Mme. Lehmann made careful plans to launch Grace in the most effective way. She arranged for her debut recital in San Francisco to take place on Lotte’s birthday, with a glamorous champagne reception to which all the influential people of the local musical world were invited. The Medea gown was copied in gold lamé. Lotte ordered magnificent flowers. The next day there were rave reviews of the recital from both of the leading San Francisco critics. Grace was definitely on her way.

Lehmann did not teach voice as such, only interpretation. For vocal lessons her students were sent to Pasadena to work with Armand Tokatyan, a former tenor of the Metropolitan and an excellent voice teacher. His pupils all swore by him.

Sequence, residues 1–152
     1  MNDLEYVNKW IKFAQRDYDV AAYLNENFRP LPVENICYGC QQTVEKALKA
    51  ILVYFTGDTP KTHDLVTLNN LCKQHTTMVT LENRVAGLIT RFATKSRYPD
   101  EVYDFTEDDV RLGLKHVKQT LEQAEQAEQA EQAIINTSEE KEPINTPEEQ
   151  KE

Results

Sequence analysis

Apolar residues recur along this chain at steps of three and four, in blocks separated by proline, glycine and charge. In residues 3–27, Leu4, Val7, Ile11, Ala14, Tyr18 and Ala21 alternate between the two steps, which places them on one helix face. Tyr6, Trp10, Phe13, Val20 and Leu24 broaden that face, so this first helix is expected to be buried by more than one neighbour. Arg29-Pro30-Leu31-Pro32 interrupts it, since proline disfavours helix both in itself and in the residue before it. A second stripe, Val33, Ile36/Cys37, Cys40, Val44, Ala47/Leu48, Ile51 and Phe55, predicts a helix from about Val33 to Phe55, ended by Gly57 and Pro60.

One of my odd jobs by then was to chauffeur the singers to and from their vocal lessons with Mr. Tokatyan. One miserably rainy night I was driving them back to Santa Barbara. We were rounding a curve at a cautious speed when suddenly I saw a car speeding toward me in my lane. There was a mountain on one side and the ocean on the other. I had less than a second to choose. The next thing I knew I was spitting out teeth, half my lower lip was torn away, and the steering wheel was an outsize pretzel pressed against my jaw. The young baritone in the passenger seat was blinded by blood from his forehead. Grace Bumbry was unconscious on the floor of the back seat. My first thought was that the car might suddenly burst into flames, as I had seen in so many movies. I had somehow to get Grace out of that car, and in a hurry. I staggered out the door and found I could hardly walk. I slid around the side of the car and tried to drag Grace out, but I had no strength at all. Meanwhile a large crowd had materialized out of nowhere. Curious strangers stood around and gaped at me. Desperate, I begged for help. Finally a nurse appeared and we managed to get Grace out and all three of us into an ambulance. The baritone and Grace were soon released. She had only a small cut between her eyebrows. She had been sleeping in the back seat, and that had saved her. The scar is there to this day. As for me, my jaw was broken and had to grow a new hinge. And muscle trauma in my legs kept me on crutches for several weeks.